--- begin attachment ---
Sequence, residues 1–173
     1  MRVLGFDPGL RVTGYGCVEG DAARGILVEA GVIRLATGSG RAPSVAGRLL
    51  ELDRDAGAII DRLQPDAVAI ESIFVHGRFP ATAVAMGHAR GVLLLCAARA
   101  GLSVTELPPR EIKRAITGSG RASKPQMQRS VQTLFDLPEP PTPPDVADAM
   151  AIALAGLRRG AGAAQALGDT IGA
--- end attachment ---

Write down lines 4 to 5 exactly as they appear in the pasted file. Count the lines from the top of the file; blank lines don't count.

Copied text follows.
   101  GLSVTELPPR EIKRAITGSG RASKPQMQRS VQTLFDLPEP PTPPDVADAM
   151  AIALAGLRRG AGAAQALGDT IGA